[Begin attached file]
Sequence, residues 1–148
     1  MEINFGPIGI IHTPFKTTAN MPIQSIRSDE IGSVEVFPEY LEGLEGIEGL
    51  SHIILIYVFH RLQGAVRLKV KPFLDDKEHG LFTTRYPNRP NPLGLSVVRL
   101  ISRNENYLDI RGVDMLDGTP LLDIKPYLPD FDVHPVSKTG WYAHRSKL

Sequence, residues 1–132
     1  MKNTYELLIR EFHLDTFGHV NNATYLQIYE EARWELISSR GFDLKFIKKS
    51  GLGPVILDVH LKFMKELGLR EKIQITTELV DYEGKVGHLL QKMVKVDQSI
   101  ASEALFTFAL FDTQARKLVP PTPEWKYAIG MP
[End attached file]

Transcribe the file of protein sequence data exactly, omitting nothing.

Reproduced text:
Sequence, residues 1–148
     1  MEINFGPIGI IHTPFKTTAN MPIQSIRSDE IGSVEVFPEY LEGLEGIEGL
    51  SHIILIYVFH RLQGAVRLKV KPFLDDKEHG LFTTRYPNRP NPLGLSVVRL
   101  ISRNENYLDI RGVDMLDGTP LLDIKPYLPD FDVHPVSKTG WYAHRSKL

Sequence, residues 1–132
     1  MKNTYELLIR EFHLDTFGHV NNATYLQIYE EARWELISSR GFDLKFIKKS
    51  GLGPVILDVH LKFMKELGLR EKIQITTELV DYEGKVGHLL QKMVKVDQSI
   101  ASEALFTFAL FDTQARKLVP PTPEWKYAIG MP